A couple of months ago, I did some speculating in my monthly column for Jancis Robinson about what would happen in Napa now that the reins for reviewing the region have been handed from Robert Parker to Antonio Galloni. The fact that Galloni’s scores for Napa have just come out wouldn’t ordinarily merit much attention from me, except that in my article I made some predictions about what might change as a result. My prediction was: nothing.
And it turns out that’s pretty much what happened.
To save you, and anyone else insane enough to waste a few hours of their time, the trouble, I cross-analyzed Parker’s most recent scores in Napa with Galloni’s first scores for the region that were released on Friday in Issue #198 of the Wine Advocate.
Anyone who was hoping the traditional order would be upset, or that all the cult wines so long vaunted by Parker would be knocked off their pedestals will be sorely disappointed.
Galloni’s scores match Parkers with an almost scary precision, except for the fact that Galloni seems to be a tougher grader. 98 is the new 100, so to speak. If Parker gave a wine a 98, Galloni gives the same wine a 96, and so on down the ladder. Last time Parker came through Napa he handed out seven 100-point scores for 2007 and 2008 vintage wines. Galloni offered six scores of 98, with two of those being for barrel samples scored with a 97-99 point range.
I could list for you the top wines that each scored, but the list is essentially the same, with mostly the same names jockeying for position amongst the top thirty or forty wines.
Perhaps the one exception in the top scoring wines were those from Dunn Vineyards, which have generally been languishing (if one might call it that) in the low 90s according to Parker’s last round of scores (he seems to have stopped tasting the wines after the 2004 vintage, to which he gave a 94+, his highest score since the early 00’s). Galloni clearly fell in love with Randy Dunn’s wines during his most recent trip, scoring most over 95 points and giving the 2008 his highest score awarded in the valley (98+).
There are a scarce few deviations in opinion between Parker and Galloni. I had to look very hard to find them. In fact, I could only find two instances (apart from the level of praise leveled at the Dunn above) where Parker and Galloni’s opinions seemed to differ sharply over a wine or a producer as a whole. One was the 2009 Forman Cabernet Sauvignon which Parker thought was a very good effort (89-91) and which Galloni thought was exceptional (96+). The second was the 2009 Maybach Amouenus, which Parker loved (96-98) and Galloni thought was very good, but not fantastic (91).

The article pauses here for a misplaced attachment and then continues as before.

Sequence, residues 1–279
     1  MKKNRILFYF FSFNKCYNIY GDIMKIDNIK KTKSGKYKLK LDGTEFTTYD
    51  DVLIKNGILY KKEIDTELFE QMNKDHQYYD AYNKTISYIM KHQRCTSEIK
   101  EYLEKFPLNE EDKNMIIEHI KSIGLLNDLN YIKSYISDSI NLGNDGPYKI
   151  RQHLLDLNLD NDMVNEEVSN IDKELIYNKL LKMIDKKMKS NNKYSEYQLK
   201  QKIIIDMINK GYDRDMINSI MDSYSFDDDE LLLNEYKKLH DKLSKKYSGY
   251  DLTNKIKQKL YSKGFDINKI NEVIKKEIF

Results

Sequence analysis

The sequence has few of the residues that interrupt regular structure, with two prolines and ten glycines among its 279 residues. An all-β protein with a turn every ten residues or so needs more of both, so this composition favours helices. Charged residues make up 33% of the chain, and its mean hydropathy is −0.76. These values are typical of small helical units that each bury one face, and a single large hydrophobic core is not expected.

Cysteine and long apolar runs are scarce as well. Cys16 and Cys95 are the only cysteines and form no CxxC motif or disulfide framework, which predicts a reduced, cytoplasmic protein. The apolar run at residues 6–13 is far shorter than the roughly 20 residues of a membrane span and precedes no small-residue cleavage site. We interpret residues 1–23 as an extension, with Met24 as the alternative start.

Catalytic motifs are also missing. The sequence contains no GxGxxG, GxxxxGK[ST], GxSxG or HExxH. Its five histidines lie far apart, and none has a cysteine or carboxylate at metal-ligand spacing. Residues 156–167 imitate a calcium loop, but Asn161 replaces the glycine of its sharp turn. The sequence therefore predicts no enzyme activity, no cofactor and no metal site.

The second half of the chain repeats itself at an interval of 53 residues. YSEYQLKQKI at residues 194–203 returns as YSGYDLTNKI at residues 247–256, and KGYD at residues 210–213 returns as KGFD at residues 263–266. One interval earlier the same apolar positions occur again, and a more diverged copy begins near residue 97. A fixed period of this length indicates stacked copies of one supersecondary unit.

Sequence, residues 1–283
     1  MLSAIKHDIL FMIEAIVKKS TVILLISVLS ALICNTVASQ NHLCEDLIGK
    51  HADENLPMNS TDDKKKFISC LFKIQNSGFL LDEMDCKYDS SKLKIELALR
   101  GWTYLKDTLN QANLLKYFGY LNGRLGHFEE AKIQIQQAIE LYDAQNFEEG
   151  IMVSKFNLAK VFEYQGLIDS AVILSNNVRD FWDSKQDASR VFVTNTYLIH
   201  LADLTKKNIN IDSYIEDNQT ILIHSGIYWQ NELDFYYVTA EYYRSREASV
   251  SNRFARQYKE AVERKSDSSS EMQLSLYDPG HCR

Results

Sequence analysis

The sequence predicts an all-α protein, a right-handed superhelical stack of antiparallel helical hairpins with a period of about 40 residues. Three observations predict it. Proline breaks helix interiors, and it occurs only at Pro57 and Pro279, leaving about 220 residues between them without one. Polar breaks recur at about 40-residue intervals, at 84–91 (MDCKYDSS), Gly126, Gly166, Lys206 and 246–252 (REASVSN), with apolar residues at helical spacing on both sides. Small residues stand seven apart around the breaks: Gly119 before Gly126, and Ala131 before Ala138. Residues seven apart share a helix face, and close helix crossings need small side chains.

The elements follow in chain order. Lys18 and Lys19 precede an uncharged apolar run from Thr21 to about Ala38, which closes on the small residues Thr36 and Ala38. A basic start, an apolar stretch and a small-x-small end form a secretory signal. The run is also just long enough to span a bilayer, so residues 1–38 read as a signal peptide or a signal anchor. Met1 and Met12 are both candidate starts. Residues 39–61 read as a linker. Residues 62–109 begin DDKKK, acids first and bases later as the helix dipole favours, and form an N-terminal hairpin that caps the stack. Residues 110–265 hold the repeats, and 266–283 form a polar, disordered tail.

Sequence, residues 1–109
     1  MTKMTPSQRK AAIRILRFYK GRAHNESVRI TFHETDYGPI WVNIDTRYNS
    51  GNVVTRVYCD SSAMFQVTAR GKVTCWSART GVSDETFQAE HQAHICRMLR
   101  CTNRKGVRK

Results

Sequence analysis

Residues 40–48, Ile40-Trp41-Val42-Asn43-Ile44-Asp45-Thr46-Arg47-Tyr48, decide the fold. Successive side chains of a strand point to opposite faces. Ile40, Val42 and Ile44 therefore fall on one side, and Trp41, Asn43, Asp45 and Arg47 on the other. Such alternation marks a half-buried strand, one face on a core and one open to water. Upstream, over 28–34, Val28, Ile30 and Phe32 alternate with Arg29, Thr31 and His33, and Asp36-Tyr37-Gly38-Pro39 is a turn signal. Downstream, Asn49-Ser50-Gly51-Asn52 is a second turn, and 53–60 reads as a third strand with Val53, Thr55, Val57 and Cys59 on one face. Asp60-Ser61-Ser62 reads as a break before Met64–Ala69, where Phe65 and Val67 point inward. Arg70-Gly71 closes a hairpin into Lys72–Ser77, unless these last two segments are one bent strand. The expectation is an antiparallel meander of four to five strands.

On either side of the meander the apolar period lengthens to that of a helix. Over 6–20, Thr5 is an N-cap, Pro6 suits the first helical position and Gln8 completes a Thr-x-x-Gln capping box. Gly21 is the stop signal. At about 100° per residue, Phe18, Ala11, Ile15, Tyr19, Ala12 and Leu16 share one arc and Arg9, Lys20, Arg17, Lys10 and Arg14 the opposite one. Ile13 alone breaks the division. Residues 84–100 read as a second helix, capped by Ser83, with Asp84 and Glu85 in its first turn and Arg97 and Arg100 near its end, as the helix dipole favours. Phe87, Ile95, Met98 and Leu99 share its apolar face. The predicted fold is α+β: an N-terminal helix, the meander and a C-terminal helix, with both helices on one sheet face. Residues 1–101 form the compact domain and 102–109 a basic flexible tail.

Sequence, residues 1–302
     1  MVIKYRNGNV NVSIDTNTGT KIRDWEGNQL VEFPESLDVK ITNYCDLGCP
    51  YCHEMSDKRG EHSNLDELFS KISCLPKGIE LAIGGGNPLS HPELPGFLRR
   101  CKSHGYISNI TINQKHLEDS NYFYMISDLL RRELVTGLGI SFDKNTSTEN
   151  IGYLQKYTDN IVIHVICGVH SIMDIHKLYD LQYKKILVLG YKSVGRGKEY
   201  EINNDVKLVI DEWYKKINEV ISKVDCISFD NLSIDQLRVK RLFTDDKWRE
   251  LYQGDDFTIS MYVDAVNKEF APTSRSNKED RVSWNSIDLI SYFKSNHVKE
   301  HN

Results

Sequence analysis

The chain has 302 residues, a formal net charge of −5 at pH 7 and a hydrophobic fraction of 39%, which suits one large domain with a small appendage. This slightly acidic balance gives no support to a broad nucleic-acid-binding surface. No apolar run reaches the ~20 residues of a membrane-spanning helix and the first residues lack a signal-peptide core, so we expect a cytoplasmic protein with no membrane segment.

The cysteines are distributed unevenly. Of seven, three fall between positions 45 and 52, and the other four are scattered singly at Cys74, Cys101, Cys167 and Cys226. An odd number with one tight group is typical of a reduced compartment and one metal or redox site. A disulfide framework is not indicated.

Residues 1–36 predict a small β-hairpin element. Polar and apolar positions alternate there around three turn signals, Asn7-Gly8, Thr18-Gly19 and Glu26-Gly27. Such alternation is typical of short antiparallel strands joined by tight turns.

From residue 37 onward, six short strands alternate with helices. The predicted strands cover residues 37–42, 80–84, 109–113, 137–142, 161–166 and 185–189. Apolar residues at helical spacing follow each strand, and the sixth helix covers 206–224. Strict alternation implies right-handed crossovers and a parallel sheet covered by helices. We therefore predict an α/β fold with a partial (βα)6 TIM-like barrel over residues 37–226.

Those were the only two points of real disagreement that I could tell from the scores available to me. I should note that because the Wine Advocate almost never publishes scores below 85 points, there may be wines that Galloni rated less than 85 points that Parker rated higher, and vice versa. There were certainly wines that appeared in the Wine Advocate for the first time via Galloni’s reports, and others which have been there in the past that did not appear (Blackbird wines were noticeably absent from Galloni’s report, for instance).
So there you have it. Galloni’s palate does not appear to be reshaping the landscape of Napa, except to say that he may be making the 100 point score something more of an elusive achievement than his predecessor.
There are those, however, that believe this lack of 100 point scores may, in fact, have a more profound effect on the marketplace than you might think. Spend only a little time poking around in the secondary market for Napa cult wines (people re-selling bottles they have purchased directly from the producer) and you’ll see that wines with 100 points from both the Wine Advocate and the Wine Spectator sell for significant markups. When wines have only a single 100 point score, they tend to sell for less.
By refusing to hand out 100 point scores (at least in his first go-round) Galloni may be knocking down the prices of these wines on the secondary market a bit. So who cares if Schrader Cellars Cabernet sells for $700 a bottle instead of $1200? Maybe no one. But more than one Napa winemaker has suggested to me that these secondary market prices certainly help justify the very high release prices (the prices that mailing list customers pay) of Napa’s highest scoring wineries. The intimation being that should these secondary market prices fall in any real way, there might be some sort of consumer backlash against paying a winery $700 for a bottle that you can only resell for $750.
For my part, I think the law of supply and demand will weigh more heavily on Napa’s wine prices than the residual effects of a dampening secondary market price. A lot of people love these wines, and a lot more people want to own them than are able, given their production levels.
Now it’s just back to business as usual in Napa.